That “liberation” would have an instantaneous effect on chronic symptoms, as many have reported, is absurd. The self-reported benefits are all on highly subjective symptoms very susceptible to the placebo effect. You are right; myelin degeneration has nothing to do with large veins, even if they did have blockages, which they don’t.

  4. beveikrimtas said

    I have mixed feelings about Kuwait proposals.

    From one side there will be a big clinical experiment which could clarify a lot of points on CCSVI and MS, and it could be done pretty fast, say in several months period.
    From another side, the thought, that this will be made in highly unethical manner, sends chills down my spine. We haven’t seen such ‘clinical trials’ since WW2 Nazi’s concentration camps where various medical experiments took place. [Note that these experiments were quite unique and extremely valuable, because many things are impossible to reproduce in animal studies.]
    In WW2 camps case the ‘performers’ truly believed in their humanitarian goals, and the people (prisoners) had actually no choice to refuse, mostly because of promise to stay alive after, and that is a good motivation.
    In Kuwait case we see the same sort of attitude from ‘performers’ side, but people here are simply misled, misinformed. They are ‘prisoners’ of MS, they are desperate and expecting miracles, therefore they willingly ‘take their chances’.
    Now tell me, which one experiment is more ethical? How do they differ?

    The results from Nazi’s experiments boosted postwar medicine, esp. intensive care. They definitely saved a lot of lives, millions of lives, and had stimulated overall progress in almost every major medical field. [BTW, USA benefited the most, because they secretly acquired the results and protocols, well, the biggest part of it.]
    The outcome from Kuwait experiment would be unlike. It is quite possible that veins dilatation could provide temporarily symptoms improvement in 20%-30% of RRMS. Other ‘well-being’ improvement would be due placebo effect. [Maybe you remember the era before MRI, when surgeons did ‘open up’ the cancer, recognized that it is inoperable, closed without removal, but some patients felt better (!) even for months, ask old surgeons-oncologists about such cases.]
    Bad part is that every single MS patient undertaking this operation will be under definite risk of IJV damage during the procedure (esp. if done repeatedly or for extended period of time), not even talking about other potential surgical complications. Internal jugular valve damage, read – insufficiency, is not a good or healthy thing even without brain pathology. Let’s remind you that MS ‘liberators’ claim that pathological reflux through IJV is the cause of MS (?) How that fits the bill?

    Could be this Kuwait experiment useful for MS science – yes, but the price tag is too heavy, and who knows what the big (actually the biggest) part of these patients, the part who will be not better but worse (experience more rapid MS progress) decides to do with the ‘performers’?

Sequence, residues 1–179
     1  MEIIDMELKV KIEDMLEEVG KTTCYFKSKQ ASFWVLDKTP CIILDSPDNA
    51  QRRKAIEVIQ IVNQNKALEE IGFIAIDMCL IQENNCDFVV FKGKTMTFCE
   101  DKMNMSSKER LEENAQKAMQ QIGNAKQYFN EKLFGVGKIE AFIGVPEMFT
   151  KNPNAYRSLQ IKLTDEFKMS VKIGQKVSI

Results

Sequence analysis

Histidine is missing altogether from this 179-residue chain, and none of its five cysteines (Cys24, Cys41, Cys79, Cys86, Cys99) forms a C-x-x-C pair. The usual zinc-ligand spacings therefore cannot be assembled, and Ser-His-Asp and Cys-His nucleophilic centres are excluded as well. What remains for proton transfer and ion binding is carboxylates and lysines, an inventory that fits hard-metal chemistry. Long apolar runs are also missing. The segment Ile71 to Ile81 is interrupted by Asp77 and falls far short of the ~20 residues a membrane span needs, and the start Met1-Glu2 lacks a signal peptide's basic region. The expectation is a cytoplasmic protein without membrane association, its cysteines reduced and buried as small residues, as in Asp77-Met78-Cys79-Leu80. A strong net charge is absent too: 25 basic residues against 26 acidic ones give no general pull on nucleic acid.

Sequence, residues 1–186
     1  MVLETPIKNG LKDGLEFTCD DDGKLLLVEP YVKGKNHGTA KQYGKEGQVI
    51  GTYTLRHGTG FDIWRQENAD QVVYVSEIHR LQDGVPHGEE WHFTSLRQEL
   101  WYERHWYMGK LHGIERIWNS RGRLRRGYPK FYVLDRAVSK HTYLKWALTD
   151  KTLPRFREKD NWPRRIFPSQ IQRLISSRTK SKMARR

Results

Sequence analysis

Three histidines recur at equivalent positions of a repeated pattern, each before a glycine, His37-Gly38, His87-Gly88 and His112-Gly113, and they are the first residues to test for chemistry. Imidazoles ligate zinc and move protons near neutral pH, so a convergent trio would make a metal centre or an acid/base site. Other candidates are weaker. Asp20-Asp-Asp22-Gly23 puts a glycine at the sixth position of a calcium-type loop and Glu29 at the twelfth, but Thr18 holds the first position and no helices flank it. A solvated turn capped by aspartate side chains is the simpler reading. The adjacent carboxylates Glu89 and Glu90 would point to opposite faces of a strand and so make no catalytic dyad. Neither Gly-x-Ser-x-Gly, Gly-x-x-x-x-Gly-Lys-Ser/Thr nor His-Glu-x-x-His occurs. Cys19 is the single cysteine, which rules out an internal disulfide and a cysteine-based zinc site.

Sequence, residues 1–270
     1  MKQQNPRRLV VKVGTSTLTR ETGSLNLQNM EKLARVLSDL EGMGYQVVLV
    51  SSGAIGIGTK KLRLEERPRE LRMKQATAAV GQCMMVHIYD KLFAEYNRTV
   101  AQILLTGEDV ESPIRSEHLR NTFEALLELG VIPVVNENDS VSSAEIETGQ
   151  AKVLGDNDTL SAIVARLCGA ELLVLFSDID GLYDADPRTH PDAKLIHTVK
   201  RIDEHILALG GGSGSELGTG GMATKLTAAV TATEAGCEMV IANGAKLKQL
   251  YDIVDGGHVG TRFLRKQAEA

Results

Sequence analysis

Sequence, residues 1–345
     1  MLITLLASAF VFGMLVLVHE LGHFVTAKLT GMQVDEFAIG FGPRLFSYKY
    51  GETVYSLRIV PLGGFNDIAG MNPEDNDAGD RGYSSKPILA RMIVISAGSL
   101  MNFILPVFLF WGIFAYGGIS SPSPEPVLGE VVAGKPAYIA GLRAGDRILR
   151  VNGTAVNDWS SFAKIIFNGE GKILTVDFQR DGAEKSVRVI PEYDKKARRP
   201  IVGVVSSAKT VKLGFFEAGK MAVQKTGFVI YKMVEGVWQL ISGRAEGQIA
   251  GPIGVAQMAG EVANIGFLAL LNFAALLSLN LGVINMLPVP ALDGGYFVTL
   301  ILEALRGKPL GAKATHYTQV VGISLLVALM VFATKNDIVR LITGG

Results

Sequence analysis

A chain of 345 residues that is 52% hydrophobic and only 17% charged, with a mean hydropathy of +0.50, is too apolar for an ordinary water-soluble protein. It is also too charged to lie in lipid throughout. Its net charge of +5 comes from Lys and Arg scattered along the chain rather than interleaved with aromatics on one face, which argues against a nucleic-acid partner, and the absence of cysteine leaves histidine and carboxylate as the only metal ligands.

Nazi medical ‘scientists’ were hanged after, what happens with MS ‘liberators’ then?

    • Colin Rose said

      I don`t think there is much similarity between the Nazi human “experiments” and “liberation” treatment in Kuwait. The Nazi tortured healthy people mostly to test hare-brained theories of Aryan superiority; no significant data were obtained that could not have been obtained in ethical ways. These atrocities did NOT save millions of lives.

      The Kuwait programme is not an experiment. Sinan is already convinced that “liberation” is a beneficial treatment for MS bassed on a few anecdotal cases of symptomatic improvement that can be completely attributed to the placebo effect. There will be no control group, no randomization, no blinding. All Kuwaiti MS patients will get it if they want it. Like the Nazi atrocities, no useful scientific data will be obtained. Sinan will make a mint being paid from Kuwaiti oil revenue and retire early. That will be the only good result. No MS will be cured and a few patients may die from the procedure. He can get away with this unethical behaviour in Kuwait where there is no tradition of scientific enquiry but could not in Canada or the US.

  5. beveikrimtas said

    I had a chance to read some of the data (of Nazi experiments) in early 80-ties, even then these facts were extremely hard to obtain, now it would be virtually impossible task.
    There is no way to reproduce such experiments nowadays, I remember my impression on the scale, imagine that everyday various research were performed on thousands of prisoners, it was huge. Not only Arian theories were tested, for example Dr. Mengele was obsessed with twins study only, and when he got an access to multimillion population (means thousands of twins) he went for it. I was surprised to learn from eye-witnesses memories (from Jewish book on Holocaust) that he was very polite, mild-mannered, never-raised-voice man. When I’ve met a prominent US scientist on twin’s research in mid 90-ties (it was totally unofficial meeting), and, in a private conversation, he confirmed the value of Mengele research.
    Well, it is all in the past, maybe one day there will be a historical research done on this matter.